I am no longer a writer. Just an emotion. An emotion that is unable to stay within its own body, and is therefore, trying to make its way into yours.
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I am no longer a writer. Just an emotion. An emotion that is unable to stay within its own body, and is therefore, trying to make its way into yours.

-Zaeema J.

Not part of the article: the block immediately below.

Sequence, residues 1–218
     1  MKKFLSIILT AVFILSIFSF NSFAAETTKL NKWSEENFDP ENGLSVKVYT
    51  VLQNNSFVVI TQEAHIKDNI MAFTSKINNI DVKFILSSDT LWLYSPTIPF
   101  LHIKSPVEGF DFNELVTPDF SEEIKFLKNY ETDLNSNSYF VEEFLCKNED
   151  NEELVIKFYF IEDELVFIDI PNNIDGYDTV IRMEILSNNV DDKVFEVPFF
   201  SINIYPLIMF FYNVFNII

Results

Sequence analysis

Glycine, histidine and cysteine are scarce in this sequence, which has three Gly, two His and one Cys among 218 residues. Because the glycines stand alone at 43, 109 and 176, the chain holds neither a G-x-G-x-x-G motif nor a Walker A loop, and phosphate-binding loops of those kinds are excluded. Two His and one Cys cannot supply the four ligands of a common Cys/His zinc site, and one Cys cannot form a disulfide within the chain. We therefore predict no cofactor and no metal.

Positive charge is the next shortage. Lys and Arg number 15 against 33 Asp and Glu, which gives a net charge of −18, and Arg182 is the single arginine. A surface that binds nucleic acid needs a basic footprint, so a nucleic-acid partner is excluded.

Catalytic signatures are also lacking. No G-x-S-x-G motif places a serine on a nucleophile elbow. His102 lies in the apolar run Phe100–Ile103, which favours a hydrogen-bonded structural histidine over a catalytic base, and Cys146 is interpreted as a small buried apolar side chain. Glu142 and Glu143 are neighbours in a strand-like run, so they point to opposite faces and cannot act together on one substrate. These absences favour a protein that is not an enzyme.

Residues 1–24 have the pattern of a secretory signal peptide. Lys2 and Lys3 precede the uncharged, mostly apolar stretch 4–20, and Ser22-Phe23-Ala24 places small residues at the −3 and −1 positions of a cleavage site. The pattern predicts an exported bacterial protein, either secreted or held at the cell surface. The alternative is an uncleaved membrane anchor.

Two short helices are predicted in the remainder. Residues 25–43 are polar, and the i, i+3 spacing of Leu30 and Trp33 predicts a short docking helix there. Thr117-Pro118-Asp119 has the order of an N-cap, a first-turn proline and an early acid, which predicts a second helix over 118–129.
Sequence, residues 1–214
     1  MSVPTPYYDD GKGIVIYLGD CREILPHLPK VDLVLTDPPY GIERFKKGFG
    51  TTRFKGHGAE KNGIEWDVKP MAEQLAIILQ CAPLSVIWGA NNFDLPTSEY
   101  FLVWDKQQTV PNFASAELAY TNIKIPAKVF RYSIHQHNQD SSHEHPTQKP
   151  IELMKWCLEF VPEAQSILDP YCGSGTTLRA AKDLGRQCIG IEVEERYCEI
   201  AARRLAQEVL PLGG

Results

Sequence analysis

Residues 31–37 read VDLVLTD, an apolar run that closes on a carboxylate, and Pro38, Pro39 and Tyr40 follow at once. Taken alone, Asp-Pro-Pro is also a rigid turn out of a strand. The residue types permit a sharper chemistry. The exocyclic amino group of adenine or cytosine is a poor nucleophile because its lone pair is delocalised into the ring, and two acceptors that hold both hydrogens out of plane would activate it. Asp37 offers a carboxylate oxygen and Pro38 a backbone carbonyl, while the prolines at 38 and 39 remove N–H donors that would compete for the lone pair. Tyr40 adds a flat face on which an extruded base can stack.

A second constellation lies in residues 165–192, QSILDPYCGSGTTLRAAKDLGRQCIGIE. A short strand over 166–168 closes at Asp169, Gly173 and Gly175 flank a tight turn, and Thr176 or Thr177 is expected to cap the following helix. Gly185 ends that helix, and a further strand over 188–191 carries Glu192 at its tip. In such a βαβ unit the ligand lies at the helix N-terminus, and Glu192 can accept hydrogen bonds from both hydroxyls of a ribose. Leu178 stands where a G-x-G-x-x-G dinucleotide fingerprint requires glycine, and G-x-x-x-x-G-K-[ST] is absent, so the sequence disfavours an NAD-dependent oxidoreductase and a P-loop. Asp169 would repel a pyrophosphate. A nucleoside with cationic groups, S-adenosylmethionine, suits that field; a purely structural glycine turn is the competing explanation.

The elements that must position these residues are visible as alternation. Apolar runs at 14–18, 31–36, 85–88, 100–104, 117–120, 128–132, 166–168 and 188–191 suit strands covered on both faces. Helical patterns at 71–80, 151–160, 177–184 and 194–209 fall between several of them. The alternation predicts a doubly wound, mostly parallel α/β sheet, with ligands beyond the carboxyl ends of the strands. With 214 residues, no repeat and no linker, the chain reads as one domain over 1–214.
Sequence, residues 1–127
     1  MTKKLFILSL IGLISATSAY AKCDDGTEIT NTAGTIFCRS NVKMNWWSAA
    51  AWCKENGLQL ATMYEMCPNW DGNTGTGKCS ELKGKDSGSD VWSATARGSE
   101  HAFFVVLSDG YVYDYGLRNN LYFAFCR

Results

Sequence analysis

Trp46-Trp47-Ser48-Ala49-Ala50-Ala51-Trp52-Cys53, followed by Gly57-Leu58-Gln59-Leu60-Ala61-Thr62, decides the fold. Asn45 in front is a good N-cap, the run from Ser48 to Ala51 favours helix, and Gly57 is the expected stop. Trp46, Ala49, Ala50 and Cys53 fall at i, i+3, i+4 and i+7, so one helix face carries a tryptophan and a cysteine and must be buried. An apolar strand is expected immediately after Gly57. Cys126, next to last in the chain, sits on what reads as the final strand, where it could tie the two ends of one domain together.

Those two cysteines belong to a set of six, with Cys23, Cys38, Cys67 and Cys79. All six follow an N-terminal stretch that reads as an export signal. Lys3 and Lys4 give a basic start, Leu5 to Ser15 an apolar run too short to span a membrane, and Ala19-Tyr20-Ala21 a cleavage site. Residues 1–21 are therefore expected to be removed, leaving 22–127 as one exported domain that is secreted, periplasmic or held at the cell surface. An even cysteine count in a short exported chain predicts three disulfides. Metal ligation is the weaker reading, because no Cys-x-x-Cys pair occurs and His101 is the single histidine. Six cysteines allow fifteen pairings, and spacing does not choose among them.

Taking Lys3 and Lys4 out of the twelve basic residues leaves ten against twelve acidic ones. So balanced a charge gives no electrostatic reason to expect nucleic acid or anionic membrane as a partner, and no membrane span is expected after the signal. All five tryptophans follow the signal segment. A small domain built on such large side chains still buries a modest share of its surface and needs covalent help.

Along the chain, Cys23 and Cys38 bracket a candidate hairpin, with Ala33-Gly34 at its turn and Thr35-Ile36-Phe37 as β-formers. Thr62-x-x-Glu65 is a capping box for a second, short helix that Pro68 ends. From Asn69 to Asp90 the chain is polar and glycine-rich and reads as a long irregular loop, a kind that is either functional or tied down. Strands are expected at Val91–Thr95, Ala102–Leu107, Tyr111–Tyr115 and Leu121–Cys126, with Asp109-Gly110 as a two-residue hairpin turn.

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I do not write every day. I write to the questions and issues before me. I write to deadlines. I write out of my passions. And I write to make peace with my own contradictory nature. For me, writing is a spiritual practice. A small bowl of water sits on my desk, a reminder that even if nothing is happening on the page, something is happening in the room--evaporation. And I always light a candle when I begin to write, a reminder that I have now entered another realm, call it the realm of the Spirit. I am mindful that when one writes, one leaves this world and enters another. My books are collages made from journals, research, and personal experience. I love the images rendered in journal entries, the immediacy that is captured on the page, the handwritten notes. I love the depth of ideas and perspective that research brings to a story, be it biological or anthropological studies or the insights brought to the page by the scholarly work of art historians.When I go into a library, I feel like I am a sleuth looking to solve a mystery. I am completely inspired by the pursuit of knowledge through various references. I read newpapers voraciously. I love what newspapers say about contemporary culture. And then you go back to your own perceptions, your own words, and weigh them against all you have brought together. I am interested in the kaleidoscope of ideas, how you bring many strands of thought into a book and weave them together as one piece of coherent fabric, while at the same time trying to create beautiful language in the service of the story. This is the blood work of the writer.Writing is also about a life engaged. And so, for me, community work, working in the schools or with grassroots conservation organizations is another critical component of my life as a writer. I cannot separate the writing life from a spiritual life, from a life as a teacher or activist or my life intertwined with family and the responsibilities we carry within our own homes. Writing is daring to feel what nurtures and breaks our hearts. Bearing witness is its own form of advocacy. It is a dance with pain and beauty.